There’s been a lot of talk about how iOS14 and Apple’s App Tracking Transparency updates will change Paid Social. So far, the conversation has been led by Facebook, particularly how Apple’s changes will affect retargeting audiences and performance measurement.
This is a huge topic which marketers all over the world are still grappling with – while getting on with managing and reporting on their day-to-day ad campaigns.
But there’s one impact that not many people are talking about that could be adversely affecting your reporting, campaign management and results. Particularly if you spend your days knee-deep in Ads Manager.
That’s delayed reporting.
What is delayed reporting?
You probably spotted this as a bullet point in Facebook’s How the Apple iOS 14 release may affect your ads and reporting:
Delayed reporting: Real-time reporting will not be supported and data may be delayed up to three days. For iOS 14 app install campaigns, conversion events will be reported based on the time that they are reported to Facebook by the SKAdNetwork API and not the time they occur. Web conversion events will be reported based on the time the conversions occur and not the time of the associated ad impressions.
Delayed reporting has always been a consideration for Facebook, especially if you used Facebook Pixel to attribute conversions within a certain period after a user clicked or viewed an ad.
Although the default Facebook Pixel attribution method was criticised for being overly generous, it gave a fuller picture of attribution than just ‘last click’, especially if you have customers who take longer to make a buying decision than usual or high value products. This helped campaigns to optimise towards purchases by giving more conversion data.
Before – if users take their time converting, but still convert, generally you’d see associated transactions and revenue in Ads Manager. This would be credited on the date of impression so you could tell how your campaigns and creatives were performing day-to-day.
After – some of this is still in place – but there’s been a few major changes:
- Facebook’s removed the old default 28-day click view, 1 day view window.
- Now the new default is 7-day click – although 7-day click and 1-day view can be enabled
- Facebook now attributes conversions on the day of the sale, not the ad view/click (this is the opposite to pre-iOS14)
- Real-time reporting will not be supported and web conversion event data may be delayed up to three days.
But what about what the conversion modelling Facebook’s implemented around missing data for opted out users?
Estimated results: For iOS 14 app install campaigns, the SKAdNetwork API will report results to Facebook, aggregated at the campaign level. Statistical modelling may be used to account for results at the ad set and ad levels, unless the campaign is composed of a single ad set and ad. For web conversion events, statistical modelling may be used to account for conversions from iOS 14 users.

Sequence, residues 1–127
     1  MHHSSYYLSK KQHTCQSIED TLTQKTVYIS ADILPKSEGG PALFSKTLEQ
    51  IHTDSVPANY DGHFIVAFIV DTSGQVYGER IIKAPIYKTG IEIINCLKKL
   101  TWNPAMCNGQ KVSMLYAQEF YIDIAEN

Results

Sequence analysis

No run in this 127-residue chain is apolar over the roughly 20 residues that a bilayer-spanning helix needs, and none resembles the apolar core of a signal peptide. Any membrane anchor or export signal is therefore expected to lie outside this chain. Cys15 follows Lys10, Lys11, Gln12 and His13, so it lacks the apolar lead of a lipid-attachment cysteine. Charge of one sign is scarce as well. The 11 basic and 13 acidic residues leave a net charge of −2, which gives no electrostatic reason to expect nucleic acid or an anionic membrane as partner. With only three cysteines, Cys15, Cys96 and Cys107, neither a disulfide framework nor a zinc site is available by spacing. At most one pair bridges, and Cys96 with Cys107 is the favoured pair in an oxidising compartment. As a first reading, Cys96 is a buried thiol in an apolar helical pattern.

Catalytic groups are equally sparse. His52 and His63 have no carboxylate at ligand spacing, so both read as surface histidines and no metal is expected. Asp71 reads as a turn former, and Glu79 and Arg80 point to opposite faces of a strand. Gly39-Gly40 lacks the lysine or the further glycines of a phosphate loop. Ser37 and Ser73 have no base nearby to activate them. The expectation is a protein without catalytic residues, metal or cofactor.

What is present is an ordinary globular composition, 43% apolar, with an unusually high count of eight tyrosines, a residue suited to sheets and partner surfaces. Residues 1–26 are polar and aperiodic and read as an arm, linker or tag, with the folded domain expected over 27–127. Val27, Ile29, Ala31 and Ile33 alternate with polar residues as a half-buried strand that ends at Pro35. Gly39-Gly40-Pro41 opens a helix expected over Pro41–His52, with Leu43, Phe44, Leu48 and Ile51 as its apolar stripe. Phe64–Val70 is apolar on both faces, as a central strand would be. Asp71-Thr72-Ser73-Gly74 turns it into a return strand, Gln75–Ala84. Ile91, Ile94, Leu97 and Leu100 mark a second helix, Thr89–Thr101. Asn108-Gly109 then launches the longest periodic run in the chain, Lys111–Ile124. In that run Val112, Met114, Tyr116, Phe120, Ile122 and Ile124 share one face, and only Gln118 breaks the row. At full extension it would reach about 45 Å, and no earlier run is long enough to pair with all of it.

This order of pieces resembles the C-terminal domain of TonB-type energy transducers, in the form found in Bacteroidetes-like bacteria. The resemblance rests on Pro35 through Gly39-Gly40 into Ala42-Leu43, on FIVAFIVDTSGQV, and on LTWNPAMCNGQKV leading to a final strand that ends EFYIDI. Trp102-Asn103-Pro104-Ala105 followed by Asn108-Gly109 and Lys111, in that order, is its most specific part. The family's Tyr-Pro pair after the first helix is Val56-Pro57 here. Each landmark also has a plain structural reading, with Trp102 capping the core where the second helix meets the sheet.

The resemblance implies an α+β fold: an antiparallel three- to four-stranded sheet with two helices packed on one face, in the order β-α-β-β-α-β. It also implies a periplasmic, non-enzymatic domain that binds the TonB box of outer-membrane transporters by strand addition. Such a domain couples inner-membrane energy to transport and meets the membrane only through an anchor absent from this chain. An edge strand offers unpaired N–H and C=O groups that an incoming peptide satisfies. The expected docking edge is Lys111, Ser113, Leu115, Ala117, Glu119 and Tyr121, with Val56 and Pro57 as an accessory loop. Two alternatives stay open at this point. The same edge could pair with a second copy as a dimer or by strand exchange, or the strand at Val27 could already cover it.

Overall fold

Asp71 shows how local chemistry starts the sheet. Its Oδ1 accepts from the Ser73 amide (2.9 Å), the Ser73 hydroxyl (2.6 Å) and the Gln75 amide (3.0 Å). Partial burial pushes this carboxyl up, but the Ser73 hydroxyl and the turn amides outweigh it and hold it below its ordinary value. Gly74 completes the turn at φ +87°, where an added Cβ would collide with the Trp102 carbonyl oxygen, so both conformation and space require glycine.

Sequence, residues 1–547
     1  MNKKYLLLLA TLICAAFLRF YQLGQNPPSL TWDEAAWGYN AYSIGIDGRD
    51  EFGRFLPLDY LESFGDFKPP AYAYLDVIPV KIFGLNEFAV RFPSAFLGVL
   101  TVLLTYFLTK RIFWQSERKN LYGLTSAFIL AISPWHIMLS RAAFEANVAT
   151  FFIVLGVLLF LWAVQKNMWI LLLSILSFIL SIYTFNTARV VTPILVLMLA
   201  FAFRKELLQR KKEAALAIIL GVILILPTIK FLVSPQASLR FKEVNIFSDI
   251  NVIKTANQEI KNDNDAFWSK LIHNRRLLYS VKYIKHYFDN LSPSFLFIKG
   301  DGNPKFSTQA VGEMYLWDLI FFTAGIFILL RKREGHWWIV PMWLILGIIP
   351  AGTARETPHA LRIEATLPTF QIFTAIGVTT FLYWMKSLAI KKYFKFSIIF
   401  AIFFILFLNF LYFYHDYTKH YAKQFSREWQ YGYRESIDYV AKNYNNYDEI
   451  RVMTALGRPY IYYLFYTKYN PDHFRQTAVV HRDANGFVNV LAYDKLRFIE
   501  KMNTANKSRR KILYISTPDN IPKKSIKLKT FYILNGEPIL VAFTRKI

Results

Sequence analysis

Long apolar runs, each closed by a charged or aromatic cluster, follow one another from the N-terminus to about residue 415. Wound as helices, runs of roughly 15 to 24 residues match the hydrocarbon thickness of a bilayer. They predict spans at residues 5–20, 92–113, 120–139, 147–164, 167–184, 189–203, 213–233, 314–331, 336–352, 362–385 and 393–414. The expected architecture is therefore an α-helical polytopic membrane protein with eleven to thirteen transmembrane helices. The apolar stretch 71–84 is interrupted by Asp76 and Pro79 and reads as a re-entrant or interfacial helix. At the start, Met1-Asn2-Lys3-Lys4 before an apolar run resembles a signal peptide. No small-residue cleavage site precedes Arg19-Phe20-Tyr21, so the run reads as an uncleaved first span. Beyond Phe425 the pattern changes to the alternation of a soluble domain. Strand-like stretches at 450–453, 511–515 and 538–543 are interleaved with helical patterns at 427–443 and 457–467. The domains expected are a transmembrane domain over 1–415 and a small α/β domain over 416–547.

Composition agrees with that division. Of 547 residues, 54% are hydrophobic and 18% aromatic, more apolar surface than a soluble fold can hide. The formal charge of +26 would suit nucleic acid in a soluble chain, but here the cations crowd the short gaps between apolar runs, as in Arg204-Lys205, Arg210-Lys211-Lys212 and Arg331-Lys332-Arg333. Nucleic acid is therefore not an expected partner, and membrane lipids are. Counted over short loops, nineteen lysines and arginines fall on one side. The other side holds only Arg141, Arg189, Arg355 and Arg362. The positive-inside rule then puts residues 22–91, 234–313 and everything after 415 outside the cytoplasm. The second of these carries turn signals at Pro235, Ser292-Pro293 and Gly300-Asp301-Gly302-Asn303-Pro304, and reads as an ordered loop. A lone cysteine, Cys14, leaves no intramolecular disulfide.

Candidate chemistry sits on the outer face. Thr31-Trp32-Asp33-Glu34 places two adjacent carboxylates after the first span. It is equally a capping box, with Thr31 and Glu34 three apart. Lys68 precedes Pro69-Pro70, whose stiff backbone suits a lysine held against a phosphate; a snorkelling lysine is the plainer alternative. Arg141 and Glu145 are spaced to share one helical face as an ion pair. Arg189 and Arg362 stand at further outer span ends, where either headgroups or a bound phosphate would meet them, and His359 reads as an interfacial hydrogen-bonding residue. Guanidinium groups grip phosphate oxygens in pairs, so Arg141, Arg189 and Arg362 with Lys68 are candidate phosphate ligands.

According to this, Facebook’s still going to estimate what conversions you might be missing out on, right? Yes… but this may be up to 3 days later and the delay may include opted-in users as well as those who’ve opted out of tracking via iOS14. This is to protect the privacy of individual users.
What impact does delayed reporting have?
This could make your recent results look a lot worse than they actually are. Why? This delay just affects the app install or web conversion data (e.g. purchases, revenue, ROAS) not the on-platform data (e.g. media spend, CPC, CPM)
Facebook knows how much you’ve spent, who you’ve reached, and if they’ve clicked, so it’ll show you the full figures for on-platform data but the impact on your revenue will be noticeable after several days when all the results are in.
This means that when reporting week-on-week, you are likely missing a few days of website conversion data, but not spend, so ROAS looks poor.
However, it also means that data from 7-14 days ago is going to be higher than when you captured it last week, making the 0-7 day data appear even worse when comparing the two within the Facebook Ads interface – as you’ll be comparing a full week of revenue data to 4-5 days of revenue data instead.
Across several ecommerce clients, we saw on average a 20% improvement in ROAS for the same week when comparing data gathered with a week’s time lag, to data gathered immediately after the reporting period ended.
What should I do about it?
The situation is still evolving, but for now we suggest:
- Implementing a min. 3-day lag to your weekly or monthly reporting schedules to allow delayed reporting information to be processed
- Avoid making knee-jerk decisions about very recent performance and changing campaigns frequently – as when revenue is processed the picture may be different and lead you to make alternative optimisations
- Leverage Google Analytics data – for example, if you still want to assess performance trends in real-time, or sense-check unexplained spikes and dips. For this, ensure you are tagging your campaigns correctly so you can compare campaign, ad set and ad-level data within Google Analytics
If you want an introduction to iOS14 please read our blog post How iOS14 Affects Marketers.
Learn more about the wider conversation within the ad tech and measurement ecosystem, or how to best manage your Paid Social strategy in this new world, check out our webinar on the topic or get in touch.